In just a year, Ana, who is on our reviewing team, started blogging. Since then she has changed her mind, shelved projects and finally settled on a format and focus that works for her.
I remind my students that a blog must be sustainable, so that you are motivated to write it regularly, but that it must also be focused. Ana is a great example of someone who has had three blogs with three different titles and purposes.
It is OK to change your mind – as long as you stay focused.
I started blogging about a year ago. Initially I was dubious about the value of the exercise, and whether it would only squander the limited time I had available to myself. I had read many posts that seemed to offer little that I considered relevant, and didn’t want to add to this category. This was a valuable insight, as my initial plan was to create a blog titled: The Infallibility of My Ex-Husband. FYI: I am still married and this particular phase in marital disharmony was soon resolved.
As a serial expat, often living in countries where English is not the first language of the natives, I feel impeded in my attempts to communicate and be completely understood. Learning a new language has reduced my communication skills to a level of basic survival. By keeping verbal exchanges simple and clear, I increase the likelihood of having my message delivered intact. Yet, it is the inclusion and understanding of the nuances of language that gives a conversation color and depth. I felt that I had been gagged. This is why I started to blog.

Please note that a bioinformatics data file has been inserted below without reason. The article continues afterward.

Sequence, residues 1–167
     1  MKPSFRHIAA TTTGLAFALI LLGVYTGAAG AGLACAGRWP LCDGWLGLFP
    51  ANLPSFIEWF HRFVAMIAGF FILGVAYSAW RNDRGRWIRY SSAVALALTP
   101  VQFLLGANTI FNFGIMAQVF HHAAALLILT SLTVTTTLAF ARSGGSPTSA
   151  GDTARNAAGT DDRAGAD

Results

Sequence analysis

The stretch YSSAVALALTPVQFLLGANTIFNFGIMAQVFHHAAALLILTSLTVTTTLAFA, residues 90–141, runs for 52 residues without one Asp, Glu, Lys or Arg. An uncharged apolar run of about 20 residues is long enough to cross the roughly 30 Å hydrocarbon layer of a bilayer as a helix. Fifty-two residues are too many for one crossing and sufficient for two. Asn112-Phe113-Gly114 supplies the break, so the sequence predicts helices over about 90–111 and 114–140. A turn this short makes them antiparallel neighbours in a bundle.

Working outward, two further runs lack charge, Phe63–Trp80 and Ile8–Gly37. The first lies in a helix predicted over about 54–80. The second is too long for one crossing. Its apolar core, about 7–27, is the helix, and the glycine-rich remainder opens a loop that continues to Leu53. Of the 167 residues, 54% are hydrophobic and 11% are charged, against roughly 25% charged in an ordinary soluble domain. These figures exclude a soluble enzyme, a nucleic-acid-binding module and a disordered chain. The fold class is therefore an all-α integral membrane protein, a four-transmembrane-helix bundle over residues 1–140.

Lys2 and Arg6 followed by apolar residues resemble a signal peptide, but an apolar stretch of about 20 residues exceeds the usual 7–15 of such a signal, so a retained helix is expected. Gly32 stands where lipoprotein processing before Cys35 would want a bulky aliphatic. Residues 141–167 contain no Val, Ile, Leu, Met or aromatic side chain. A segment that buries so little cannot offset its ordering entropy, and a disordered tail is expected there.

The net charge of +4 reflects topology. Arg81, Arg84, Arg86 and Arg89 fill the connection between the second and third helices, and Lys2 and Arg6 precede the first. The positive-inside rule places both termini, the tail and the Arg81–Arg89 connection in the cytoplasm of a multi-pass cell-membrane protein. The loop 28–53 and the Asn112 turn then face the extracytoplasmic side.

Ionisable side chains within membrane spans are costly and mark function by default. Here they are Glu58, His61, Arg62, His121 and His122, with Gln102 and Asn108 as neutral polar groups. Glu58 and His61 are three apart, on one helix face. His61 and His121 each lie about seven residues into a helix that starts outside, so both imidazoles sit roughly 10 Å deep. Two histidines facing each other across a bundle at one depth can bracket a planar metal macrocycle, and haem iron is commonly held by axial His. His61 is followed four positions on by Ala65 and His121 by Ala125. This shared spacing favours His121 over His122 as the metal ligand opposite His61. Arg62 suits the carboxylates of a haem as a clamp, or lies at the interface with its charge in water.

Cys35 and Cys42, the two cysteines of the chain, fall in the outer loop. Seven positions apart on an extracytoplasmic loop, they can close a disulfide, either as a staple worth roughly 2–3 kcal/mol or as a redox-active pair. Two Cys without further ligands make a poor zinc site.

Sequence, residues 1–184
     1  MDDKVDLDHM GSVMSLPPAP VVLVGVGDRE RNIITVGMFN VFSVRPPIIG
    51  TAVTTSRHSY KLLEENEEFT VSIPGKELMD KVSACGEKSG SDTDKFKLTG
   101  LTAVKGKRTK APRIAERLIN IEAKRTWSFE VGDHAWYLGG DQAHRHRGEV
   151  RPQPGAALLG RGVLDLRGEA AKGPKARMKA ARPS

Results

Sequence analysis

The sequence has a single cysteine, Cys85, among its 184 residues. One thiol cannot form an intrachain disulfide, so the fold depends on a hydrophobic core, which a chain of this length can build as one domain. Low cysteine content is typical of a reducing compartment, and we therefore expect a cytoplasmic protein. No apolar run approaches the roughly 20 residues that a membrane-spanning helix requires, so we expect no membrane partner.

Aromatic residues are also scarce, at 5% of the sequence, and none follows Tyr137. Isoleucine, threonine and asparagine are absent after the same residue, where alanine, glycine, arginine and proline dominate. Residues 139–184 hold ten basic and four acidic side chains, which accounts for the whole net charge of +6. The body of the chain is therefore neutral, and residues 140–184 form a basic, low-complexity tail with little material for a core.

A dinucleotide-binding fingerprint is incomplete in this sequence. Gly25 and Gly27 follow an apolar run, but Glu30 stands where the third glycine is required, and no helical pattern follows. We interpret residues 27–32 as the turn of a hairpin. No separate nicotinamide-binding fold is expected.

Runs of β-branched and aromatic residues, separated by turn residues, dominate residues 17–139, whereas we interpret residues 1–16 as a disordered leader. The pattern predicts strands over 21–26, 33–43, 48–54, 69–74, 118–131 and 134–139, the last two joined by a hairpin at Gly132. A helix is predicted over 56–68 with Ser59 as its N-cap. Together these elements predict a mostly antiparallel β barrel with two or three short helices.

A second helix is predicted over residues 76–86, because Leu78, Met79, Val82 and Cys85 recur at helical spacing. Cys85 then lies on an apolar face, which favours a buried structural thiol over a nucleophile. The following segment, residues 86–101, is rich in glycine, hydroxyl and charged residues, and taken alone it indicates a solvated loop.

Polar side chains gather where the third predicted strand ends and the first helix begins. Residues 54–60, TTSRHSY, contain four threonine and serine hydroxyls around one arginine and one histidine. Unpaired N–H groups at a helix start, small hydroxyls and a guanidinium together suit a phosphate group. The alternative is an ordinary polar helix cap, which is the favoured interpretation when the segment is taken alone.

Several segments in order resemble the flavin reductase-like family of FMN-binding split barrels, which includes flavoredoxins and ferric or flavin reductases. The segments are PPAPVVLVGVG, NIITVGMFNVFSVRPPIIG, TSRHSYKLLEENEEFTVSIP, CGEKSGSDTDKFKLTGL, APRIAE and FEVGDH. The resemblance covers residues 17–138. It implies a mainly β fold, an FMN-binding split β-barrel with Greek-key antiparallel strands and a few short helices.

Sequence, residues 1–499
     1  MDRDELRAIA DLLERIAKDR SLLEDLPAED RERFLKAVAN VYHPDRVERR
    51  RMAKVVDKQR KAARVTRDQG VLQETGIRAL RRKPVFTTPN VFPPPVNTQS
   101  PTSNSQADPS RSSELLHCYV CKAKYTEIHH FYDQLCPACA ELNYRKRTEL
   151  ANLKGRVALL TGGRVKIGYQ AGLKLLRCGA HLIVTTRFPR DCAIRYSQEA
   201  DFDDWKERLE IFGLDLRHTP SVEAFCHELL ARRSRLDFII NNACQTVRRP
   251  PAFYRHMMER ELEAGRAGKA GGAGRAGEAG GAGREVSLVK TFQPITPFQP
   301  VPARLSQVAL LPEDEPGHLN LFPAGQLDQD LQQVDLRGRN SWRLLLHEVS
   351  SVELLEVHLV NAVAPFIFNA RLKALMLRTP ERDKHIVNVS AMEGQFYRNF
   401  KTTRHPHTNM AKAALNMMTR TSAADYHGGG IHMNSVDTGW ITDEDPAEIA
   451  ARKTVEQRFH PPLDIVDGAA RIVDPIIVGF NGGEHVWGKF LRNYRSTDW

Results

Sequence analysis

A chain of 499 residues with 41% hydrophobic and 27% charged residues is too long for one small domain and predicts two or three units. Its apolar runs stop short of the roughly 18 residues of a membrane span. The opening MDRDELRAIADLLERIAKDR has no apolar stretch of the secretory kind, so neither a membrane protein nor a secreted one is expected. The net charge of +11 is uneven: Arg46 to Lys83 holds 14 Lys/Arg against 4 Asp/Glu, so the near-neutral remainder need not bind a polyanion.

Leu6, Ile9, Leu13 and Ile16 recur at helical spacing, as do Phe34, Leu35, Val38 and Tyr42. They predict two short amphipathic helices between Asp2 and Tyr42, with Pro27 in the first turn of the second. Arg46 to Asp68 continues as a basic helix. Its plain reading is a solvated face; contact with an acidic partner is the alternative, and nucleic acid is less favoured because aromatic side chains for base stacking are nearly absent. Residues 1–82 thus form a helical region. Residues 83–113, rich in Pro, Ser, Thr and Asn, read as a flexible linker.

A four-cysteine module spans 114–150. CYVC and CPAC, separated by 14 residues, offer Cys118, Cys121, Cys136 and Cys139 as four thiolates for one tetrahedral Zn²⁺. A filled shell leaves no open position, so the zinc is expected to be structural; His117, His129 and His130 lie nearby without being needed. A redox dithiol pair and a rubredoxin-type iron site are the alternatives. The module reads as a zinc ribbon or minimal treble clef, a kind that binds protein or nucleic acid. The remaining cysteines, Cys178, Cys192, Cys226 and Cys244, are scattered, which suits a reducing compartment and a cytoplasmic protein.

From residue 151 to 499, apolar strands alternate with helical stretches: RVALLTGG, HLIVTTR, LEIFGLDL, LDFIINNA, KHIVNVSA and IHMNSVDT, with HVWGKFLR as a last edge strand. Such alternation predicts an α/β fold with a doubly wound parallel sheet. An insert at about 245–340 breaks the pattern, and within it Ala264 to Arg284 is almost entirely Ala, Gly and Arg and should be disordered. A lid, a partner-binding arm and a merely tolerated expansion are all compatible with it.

My first blog (memoryextracts.blogspot.com) draws on my professional background working with people living with a dementing illness. Being fascinated by the unique impact dementia has on every individual’s cognition; personal coping mechanisms; carer or family responses to people with dementia, – are underlying themes in my blog posts. This blog is never going viral.
A second blog is the result of a four-year book project tackling the topic of what it is to be a Muslim woman, and written with a Malay friend. Having to admit a certain level of ignorance about Muslim people and their religion, I was fortunate to find someone who lives under the teachings of Islam and was willing to answer my questions, over coffee or lunch. The project expanded and was launched as a blog to test the waters with the reading public. Currently on the shelf again, this blog experience taught me how fickle the blog audience can be, and why SEO (search engine optimization) is important.
Created as a place to store and display my growing portfolio of written work, my third blog (anamcginley) has become more of a personal blog. This is where I post my observations about the world. I envisage that this blog will become an anthology of my experiences as an expat woman raising a large family in a foreign culture and land, and seeking to reestablish an identity outside the family and home.
So in answer to the question that started this post: I blog because it allows me to express myself in a clear voice augmented by my experience, knowledge and personality. Blogging forces me to analyze my thoughts and to check my facts. While forcing me to continually hone my writing skills, blogging stimulates my intellect and demands that I stay conscious of what is going on around me.
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